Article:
Spiller’s only regret: ‘I was not invited to New York’ for the Heisman

Spiller’s only regret: ‘I was not invited to New York’ for the Heisman

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Spiller’s only regret: ‘I was not invited to New York’ for the Heisman

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During his illustrious four-year career at Clemson, C.J. Spiller accomplished a lot of things.

He was a unanimous All-American selection in 2009. He set the NCAA career record for touchdowns on kickoff and overall returns. He was second all-time in the NCAA in all-purpose yards and holds the ACC record.

Before his career was done at Clemson, Spiller set 51 game, season and career records at Clemson. He is arguably the greatest all-around player in Clemson history.

However, despite all of that success, the 2009 ACC Player of the Year has just one thing that stands out to him when looking back at his Clemson career.

“I was not invited to New York,” Spiller said to The Clemson Insider.

Spiller is talking about the Heisman Trophy Presentation which is held at the Downtown Athletic Club in the Financial District of Lower Manhattan in New York. Clemson’s All-American finished sixth in the Heisman Trophy voting that year, tying him at the time with Steve Fuller for the highest finish by a Clemson player in the Heisman Trophy race.

Unfortunately, Spiller just missed the cut as a finalist as five other players—Mark Ingram (Alabama), Toby Gerhart (Stanford), Colt McCoy (Texas), Ndamukong Suh (Nebraska) and Tim Tebow (Florida)—were all invited.

Clemson started Spiller’s Heisman Trophy campaign in July of 2009, when it released an 8-foot poster of him to the media at the ACC Football Kickoff. It was similar to the one it did for William Perry’s All-American campaign in 1984.

“When I say I’m disappointed, it’s not from a personal standpoint, it’s for my teammates,” Spiller said. “Those guys, once we did all that preseason stuff that we did, honestly, I was so receptive to my teammates after that. They really pushed. They really wanted to help me get the opportunity to get to New York.”

There is an argument Spiller should have been invited to New York. He had one of the greatest individual seasons in the history of college football in 2009.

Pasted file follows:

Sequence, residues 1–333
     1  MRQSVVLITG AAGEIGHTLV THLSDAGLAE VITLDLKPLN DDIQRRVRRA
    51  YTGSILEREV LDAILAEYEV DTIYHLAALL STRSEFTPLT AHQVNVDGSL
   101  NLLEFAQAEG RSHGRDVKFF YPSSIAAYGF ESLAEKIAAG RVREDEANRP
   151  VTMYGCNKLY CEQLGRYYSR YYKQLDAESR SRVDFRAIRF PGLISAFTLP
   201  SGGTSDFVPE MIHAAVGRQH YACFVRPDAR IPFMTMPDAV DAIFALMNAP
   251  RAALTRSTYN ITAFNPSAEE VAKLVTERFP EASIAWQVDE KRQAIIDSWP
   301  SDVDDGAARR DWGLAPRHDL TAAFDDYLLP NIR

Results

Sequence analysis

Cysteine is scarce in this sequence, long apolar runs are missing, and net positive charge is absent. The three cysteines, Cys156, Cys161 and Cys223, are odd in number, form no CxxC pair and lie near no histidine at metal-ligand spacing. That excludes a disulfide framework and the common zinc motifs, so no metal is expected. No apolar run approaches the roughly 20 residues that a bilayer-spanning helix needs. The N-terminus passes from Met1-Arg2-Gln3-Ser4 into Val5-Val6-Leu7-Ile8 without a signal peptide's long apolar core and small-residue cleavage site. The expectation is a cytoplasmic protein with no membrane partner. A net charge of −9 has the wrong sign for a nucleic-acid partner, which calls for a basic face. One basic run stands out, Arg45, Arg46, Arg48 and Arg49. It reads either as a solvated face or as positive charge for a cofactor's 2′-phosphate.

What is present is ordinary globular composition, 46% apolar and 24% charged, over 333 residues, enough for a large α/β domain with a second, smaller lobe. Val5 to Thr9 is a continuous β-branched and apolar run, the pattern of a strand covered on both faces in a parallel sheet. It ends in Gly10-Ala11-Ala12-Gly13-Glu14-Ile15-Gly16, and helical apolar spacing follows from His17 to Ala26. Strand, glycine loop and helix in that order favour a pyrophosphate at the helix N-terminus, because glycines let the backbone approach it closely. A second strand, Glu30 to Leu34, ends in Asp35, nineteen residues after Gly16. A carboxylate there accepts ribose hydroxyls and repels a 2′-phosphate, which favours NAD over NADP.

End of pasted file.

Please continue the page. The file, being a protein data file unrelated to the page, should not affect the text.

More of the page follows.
He rushed for 1,212 yards and ran for 12 touchdowns. He also caught 36 passes that year for 503 yards and added four more touchdowns. He had 8 punt returns for 210 yards and one touchdown and had 23 kickoff returns for 755 yards and scored 4 touchdowns.

Also, which few people knew about at the time, he did it all while suffering from turf toe the entire season, an injury he suffered in the first game of the season.

“To me, it felt like I let those guys down because we did not get the invitation to go up there and represent our football team and have a chance to represent our university,” Spiller said.

It was especially disappointing for Spiller and his teammates after he rushed for a career-high 233 yards and scored 4 touchdowns in the ACC Championship Game. The Tigers lost the game on a last-second touchdown by Georgia Tech, 39-34, but Spiller was still voted as the game’s MVP. It is still the only time in all of college football a player from the losing team has been named the MVP since conference championship games began in 1992.

“I just felt disappointed for my guys because I knew how personal they made it and put it upon themselves to give me the opportunity to go up there,” Spiller said. “We never talked about me going and winning the Heisman. Once we did that in the preseason that was it. It was about the next game every week. But I knew deep down inside those guys wanted me to have the opportunity to go up there and represent our team.”

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